Still tracing my roots

Published 9:00 am Thursday, September 7, 2017

By Sue Staton

guess it is probably a good thing I was not adopted because I would have driven myself crazy by now trying to find out all about myself.

I know a lot of people really do not care about history or take for granted where they came from, but I am not one of those people.

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I have learned my family came from the Wurtenberg, Germany, area and a castle is supposedly still there from the Willoughby family. 

I also know my grandfather met a girl on the ship coming over to America and fell in love with her and married her. We can trace back to the 1700s. I know that the Yocums, Yons and McCalls are part of my family on my dad’s side.

I am excited to learn every little tidbit I can about my grandparents and great grandparents. I have heard a good way to learn about your family is to ask the oldest living person in your family to tell you things about your family. That is what I did this week.

My daddy’s first cousin is Allen Willoughby from Mount Sterling. He is now 91 years old. For several years, I have mentioned to him I would like to interview him and ask him questions about my family. He has told me year after year he would be glad to speak with me. 

For some reason, I have not taken the time to do that until I realized time is getting away from me and Allen is not getting any younger. So, instead of making the trip to his home like I planned, I decided to call him and talk Sunday night.

I learned that my great grandfather, Alonzo Willoughby, was a preacher and was considered very good and in demand. He spent every Sunday as a traveling preacher, as was common in those days. 

I also learned my grandfather left all of his children a farm in Powell County when he died.

Some of the older kids got married and left their homes and farm even though they still owned it and were thinking of coming back some time. Three of the married ones who were away lost all their homes on the farm in one night when someone burned them down. Allen’s family was one of the lucky ones along with two or three of his daddy’s siblings who were home that night. Their homes were saved from the fire.

My Papa’s name was Cortland Willoughby but, growing up, we only heard his name as being Cort Willoughby. Allen said he never knew when or why his name was shortened. 

I knew my Papa’s hair was red like my daughter Shanda’s and I learned two other of his siblings had red hair. All the rest of the kids had dark black hair like my Daddy’s. 

I also learned why my dad was so much closer to Allen than the other cousins. One reason Allen said was he used to ride a school bus and get off at my grandparents’ and spend the weekends and summer with them a lot. He said it was really hard to get work hands back then and my grandfather needed him to help my dad, Elbert and Uncle Herbert during hay baling season. They were close to the same age. He said he visited more than Hord, his brother.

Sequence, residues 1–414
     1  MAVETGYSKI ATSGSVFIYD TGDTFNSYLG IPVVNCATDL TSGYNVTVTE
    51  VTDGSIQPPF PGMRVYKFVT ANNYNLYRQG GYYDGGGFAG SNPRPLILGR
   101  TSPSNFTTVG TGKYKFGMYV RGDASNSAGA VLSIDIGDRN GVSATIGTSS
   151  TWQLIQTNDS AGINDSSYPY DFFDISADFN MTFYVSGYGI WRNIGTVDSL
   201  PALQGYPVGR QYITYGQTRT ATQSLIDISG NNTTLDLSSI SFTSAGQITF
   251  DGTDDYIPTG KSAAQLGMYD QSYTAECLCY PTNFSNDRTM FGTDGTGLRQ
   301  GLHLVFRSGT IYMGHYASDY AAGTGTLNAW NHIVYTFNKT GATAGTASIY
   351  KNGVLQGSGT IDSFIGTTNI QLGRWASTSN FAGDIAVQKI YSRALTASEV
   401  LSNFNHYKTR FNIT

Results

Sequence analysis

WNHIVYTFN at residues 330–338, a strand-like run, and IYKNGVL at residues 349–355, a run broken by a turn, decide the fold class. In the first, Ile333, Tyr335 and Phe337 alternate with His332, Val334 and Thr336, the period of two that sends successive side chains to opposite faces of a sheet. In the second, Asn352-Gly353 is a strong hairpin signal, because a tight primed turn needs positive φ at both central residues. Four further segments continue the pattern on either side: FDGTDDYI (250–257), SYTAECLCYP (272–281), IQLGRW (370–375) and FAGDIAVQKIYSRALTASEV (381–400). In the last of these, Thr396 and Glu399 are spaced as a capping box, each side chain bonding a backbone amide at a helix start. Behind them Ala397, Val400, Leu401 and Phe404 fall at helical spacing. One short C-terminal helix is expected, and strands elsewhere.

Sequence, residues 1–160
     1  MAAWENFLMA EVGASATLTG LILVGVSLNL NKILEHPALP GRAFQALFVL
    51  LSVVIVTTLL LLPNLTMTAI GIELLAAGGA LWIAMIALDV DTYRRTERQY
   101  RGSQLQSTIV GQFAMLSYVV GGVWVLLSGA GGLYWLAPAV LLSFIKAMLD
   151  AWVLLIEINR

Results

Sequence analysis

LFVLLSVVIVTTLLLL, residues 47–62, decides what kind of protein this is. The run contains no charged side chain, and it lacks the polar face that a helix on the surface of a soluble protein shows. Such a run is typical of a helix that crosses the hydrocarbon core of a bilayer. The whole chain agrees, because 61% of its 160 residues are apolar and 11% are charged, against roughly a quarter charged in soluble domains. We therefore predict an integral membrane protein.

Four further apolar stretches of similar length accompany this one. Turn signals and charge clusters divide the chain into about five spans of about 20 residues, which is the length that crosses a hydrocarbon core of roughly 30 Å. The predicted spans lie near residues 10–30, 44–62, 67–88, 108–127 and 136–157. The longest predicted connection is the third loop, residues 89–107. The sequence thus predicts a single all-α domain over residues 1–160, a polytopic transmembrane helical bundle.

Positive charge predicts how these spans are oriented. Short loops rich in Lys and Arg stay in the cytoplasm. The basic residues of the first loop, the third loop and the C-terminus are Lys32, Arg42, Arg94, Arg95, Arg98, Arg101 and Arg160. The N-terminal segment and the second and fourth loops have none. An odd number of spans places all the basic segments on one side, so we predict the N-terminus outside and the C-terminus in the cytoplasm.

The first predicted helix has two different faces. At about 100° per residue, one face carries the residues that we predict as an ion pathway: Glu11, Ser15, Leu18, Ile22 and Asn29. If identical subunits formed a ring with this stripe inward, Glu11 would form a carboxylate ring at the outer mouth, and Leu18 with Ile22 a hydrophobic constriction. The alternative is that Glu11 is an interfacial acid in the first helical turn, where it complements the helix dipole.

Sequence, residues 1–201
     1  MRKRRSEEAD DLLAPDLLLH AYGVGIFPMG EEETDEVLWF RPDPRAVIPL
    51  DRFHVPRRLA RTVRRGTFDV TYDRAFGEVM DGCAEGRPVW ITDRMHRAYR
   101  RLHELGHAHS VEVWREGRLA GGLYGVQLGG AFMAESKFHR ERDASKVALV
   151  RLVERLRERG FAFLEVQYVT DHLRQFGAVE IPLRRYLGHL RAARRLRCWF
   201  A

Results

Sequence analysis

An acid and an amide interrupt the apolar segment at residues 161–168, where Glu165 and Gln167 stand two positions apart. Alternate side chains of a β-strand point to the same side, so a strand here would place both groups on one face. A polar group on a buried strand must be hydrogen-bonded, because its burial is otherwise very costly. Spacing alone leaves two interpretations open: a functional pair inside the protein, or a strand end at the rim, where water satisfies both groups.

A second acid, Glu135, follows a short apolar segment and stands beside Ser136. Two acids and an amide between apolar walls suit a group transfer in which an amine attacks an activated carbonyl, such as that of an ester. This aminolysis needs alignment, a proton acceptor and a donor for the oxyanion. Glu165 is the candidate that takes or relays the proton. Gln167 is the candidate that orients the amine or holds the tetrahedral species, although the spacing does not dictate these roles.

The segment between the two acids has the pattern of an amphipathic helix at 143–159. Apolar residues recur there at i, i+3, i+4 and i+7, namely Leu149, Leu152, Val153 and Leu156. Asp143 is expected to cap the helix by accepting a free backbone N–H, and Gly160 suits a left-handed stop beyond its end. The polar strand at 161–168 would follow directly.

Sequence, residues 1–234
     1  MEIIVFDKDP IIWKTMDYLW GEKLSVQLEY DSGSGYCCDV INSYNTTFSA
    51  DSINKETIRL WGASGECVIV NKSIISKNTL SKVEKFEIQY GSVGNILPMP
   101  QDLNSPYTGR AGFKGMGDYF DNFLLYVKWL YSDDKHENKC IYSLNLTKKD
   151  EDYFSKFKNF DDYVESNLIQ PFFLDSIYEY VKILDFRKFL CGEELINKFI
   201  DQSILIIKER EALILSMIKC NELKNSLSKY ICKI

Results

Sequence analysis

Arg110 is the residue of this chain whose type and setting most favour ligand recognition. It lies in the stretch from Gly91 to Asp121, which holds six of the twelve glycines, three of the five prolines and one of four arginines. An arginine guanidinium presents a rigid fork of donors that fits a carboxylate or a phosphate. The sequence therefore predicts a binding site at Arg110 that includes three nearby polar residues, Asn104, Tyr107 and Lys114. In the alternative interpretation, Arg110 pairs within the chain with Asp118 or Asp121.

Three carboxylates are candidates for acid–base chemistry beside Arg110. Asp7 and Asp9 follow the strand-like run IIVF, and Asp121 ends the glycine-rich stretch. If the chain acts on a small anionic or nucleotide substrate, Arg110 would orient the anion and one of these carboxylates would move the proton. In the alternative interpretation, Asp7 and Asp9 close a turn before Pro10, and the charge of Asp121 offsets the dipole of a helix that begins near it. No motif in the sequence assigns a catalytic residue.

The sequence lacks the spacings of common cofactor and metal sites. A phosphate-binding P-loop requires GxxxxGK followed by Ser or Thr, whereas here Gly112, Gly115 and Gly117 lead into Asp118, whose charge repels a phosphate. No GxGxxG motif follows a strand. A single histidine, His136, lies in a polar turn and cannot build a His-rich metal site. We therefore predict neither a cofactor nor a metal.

The only Winchester Willoughby we were kin to was Nelson Willoughby and his sisters, Della Oaks and Geneva Blackwell. Also my Aunt Bea Barker, lived here with her husband, Ray.

I always knew from my dad that all of his uncles died at very early ages and I was shocked to hear that Allen’s dad died at the age of 32. My own grandfather died at the age of 54. However, he laid seven years in bed before he died from a sunstroke he had while working in the fields on his farm. 

I learned that my mother came and stayed with my grandmother to help nurse my Papa to health. It was then I learned she and my dad fell in love. I never knew that. My Papa never ever recovered from the stroke, however.

I also learned that the Willoughby family lost children from the flu that seemed to have gone through the country in 1918. I remember my mother lost siblings in the same year from sickness. That is why there are very few Willoughbys we were kin to while growing up. 

I also knew my daddy lost a brother, Malcolm, who lived to be one year old. I mentioned that I remember when my daddy made a tombstone for Malcolm and he told me something I never knew: my grandfather went up and built the fence around the Spruce cemetery and said he thought it was still there today. That made me proud.

Allen told me what I already knew about my daddy and family and that was that they were all hard working. My daddy often worked two jobs to keep my family going when I was growing up. We probably were poor enough to get welfare but my daddy would have never taken it I do not believe.

I was so glad Allen was generous with his time. I also mentioned the fact that it was from his generosity that I got to see my very first University of Kentucky basketball game as a child. He not only made my mom and dad happy but he made his five kids ecstatic that night. We never dreamed we would get to go to a UK game at that time in our life.

Remember, if you are interested in your family’s history, do not keep putting it off. 

You may let time get away from you and lose valuable information. 

I still wish I had asked more questions when my mom and dad were alive. My mom was really good at telling stories and we loved to hear them. 

I try to do the same thing with my grandchildren and I hope I am preserving something to be of benefit to them some day. 

At least they will know where they came from.

Sue Staton is a Clark County native who grew up in the Kiddville area.